Construction Safety Bill Falls Short on Real Solutions

Despite concerns raised by many groups, the City Council has passed Intro 1447-C, otherwise known as the construction safety bill.   The Real Estate Board of New York agrees that every worker should receive safety training.  However, this legislation fails to address some key concerns. 

It is fair to note that the latest version of 1447-C is an improvement from when it started out as an apprenticeship mandate.  Nevertheless, it still fails to address REBNY’s basic concerns.

The first concern is simple: does New York City have the adequate capacity to train up to 120,000 non-union construction workers? The answer to this question is just a simple - no.

Currently, there are only 22 training providers approved by the NYC Department of Buildings (DOB) that can train non-union workers.  Federal regulations limit certain class sizes to only 40 students.  According to the last census, more the half of the city’s construction workforce are non-native English speakers and twenty percent have less than a high school degree.

As it stands, there is not nearly enough capacity to support the potential crush of people seeking the mandated training courses. On this issue, the facts speak for themselves.

Secondly, how will workers who are not affiliated with a union or contractor - many of whom are minorities or immigrants - pay for the training to keep their jobs? Although the City Council announced that it will cover the costs for some 4,000 workers, this is not enough.  Many of the up to 120,000 workers will be left at risk of not getting a contractor to pay for their training. With no sponsorship and insufficient public funding, these workers will need to pay for training out of their own pockets in order to keep working.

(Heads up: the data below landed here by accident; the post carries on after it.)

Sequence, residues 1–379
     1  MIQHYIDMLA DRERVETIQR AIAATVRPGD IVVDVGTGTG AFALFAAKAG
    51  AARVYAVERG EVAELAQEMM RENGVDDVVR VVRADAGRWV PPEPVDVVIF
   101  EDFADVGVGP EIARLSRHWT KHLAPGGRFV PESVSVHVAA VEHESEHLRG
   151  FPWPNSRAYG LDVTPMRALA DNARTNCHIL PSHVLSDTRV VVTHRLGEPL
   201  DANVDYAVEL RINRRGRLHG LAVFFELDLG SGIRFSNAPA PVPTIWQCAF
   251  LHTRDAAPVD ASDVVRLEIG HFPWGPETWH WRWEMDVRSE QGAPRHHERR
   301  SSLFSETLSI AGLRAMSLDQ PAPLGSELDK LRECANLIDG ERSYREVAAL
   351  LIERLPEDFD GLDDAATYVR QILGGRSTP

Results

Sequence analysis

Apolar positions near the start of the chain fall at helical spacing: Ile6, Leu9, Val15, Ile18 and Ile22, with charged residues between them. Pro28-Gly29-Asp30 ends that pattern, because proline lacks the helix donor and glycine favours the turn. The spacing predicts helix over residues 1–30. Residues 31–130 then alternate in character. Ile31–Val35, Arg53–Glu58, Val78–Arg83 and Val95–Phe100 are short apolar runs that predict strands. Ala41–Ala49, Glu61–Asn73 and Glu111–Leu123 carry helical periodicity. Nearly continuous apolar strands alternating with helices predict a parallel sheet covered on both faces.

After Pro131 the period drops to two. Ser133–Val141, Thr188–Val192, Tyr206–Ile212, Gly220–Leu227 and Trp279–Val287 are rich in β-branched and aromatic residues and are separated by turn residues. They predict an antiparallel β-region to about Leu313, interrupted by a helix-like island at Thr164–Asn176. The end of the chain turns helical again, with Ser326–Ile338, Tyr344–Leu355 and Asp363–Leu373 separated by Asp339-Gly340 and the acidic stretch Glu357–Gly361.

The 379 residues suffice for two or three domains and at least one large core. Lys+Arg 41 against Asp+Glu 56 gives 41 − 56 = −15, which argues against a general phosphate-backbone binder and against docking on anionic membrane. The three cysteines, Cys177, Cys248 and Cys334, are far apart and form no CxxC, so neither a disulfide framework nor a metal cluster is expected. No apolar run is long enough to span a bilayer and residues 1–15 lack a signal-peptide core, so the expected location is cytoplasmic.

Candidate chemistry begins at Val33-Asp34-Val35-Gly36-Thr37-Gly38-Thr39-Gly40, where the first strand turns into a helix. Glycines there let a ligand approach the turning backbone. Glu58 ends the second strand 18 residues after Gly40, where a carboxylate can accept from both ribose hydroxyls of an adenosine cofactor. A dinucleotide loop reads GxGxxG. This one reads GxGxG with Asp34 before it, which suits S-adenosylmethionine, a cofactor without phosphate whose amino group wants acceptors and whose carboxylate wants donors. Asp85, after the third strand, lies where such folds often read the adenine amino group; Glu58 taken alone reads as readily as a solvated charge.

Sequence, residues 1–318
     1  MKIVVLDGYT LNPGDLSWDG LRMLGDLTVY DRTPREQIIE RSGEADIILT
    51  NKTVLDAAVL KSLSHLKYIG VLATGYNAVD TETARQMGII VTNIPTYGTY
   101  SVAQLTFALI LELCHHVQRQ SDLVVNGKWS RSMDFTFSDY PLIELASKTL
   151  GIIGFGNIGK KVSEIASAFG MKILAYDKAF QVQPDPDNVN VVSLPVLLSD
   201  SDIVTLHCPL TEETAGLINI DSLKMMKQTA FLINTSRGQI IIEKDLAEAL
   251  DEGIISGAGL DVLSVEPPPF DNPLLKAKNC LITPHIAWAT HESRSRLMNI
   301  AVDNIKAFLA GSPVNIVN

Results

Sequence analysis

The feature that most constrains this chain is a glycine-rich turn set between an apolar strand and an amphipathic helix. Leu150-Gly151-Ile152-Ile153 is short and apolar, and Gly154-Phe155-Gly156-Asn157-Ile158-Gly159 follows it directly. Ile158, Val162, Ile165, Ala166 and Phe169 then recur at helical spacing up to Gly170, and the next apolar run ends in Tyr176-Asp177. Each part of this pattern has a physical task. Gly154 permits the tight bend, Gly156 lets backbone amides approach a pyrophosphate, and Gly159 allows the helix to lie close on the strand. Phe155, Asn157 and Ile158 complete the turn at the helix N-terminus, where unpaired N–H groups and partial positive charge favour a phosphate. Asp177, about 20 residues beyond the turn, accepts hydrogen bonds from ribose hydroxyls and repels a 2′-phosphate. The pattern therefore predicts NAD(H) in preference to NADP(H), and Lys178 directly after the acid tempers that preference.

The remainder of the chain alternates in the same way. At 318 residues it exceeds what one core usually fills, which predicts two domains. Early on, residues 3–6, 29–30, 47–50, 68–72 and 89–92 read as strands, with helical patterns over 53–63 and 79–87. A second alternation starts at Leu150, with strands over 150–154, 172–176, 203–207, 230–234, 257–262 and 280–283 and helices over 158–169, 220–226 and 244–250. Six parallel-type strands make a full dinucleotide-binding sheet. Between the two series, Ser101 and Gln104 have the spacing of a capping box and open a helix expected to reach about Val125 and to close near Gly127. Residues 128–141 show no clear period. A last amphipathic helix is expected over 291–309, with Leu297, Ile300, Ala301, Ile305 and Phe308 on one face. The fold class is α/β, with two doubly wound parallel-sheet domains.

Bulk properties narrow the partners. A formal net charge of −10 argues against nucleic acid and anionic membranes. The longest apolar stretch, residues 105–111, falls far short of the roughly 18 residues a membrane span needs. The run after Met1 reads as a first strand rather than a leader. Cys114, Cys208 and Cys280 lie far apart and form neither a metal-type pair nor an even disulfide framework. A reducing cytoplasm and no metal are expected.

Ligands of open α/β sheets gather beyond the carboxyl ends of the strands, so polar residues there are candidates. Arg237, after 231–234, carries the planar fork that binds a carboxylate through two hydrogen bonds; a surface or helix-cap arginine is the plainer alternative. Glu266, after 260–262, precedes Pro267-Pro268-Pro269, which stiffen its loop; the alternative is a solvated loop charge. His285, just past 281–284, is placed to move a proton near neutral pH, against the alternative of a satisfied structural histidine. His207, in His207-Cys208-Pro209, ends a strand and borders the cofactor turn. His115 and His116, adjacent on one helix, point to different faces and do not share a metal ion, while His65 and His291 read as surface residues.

The legislation also fails to include any safeguards to limit fraud.  Every worker will be required to carry a Site Safety Training card in order to work and while the Department of Buildings may require uniformity in the card’s appearance and information, the Department will not be able to verify the cardholder’s training certification.  In fact, the legislation does not call for any independent third-party to verify the training of the cardholder.  This oversight, in the wake of recent news reports about fraud and abuse surrounding OSHA training cards, could lead to abusive practices by training providers and a proliferation of fraudulent safety cards.

Finally, why aren’t all workers subject to the bill’s safety training requirements?  The bill excludes all new building projects 4 stories and below, even though these projects accounted for 80% of all permits and 35% of all the construction-related fatalities between 2010 and 2015.  During this period, projects 5 to 9 stories, which will need OSHA10 training immediately, represented only 13% of the work.  Moreover, the legislation establishes a different set of rules for union workers without assessing whether or not such workers have obtained the specific training the legislation is expected to call for.  Six of the last twelve construction workers to die in New York City belonged to a union.

Union officials are quick to argue that 90 percent of construction-related fatalities were on non-union projects – but they ignore the fact that nearly 98 percent of the private sector construction work done in New York City is non-union or open shop according the permits issued by DOB.  The facts warrant that we ensure all construction workers receive basic safety training.

Let me be clear, we all want well trained workers on the site and for them to go home to their families at the end of the day in the same condition that they arrived.  Intro 1447-C might achieve that but it could also divide the construction workforce into the haves and have-nots, with qualified nonunion workers being thrown off job sites as a result.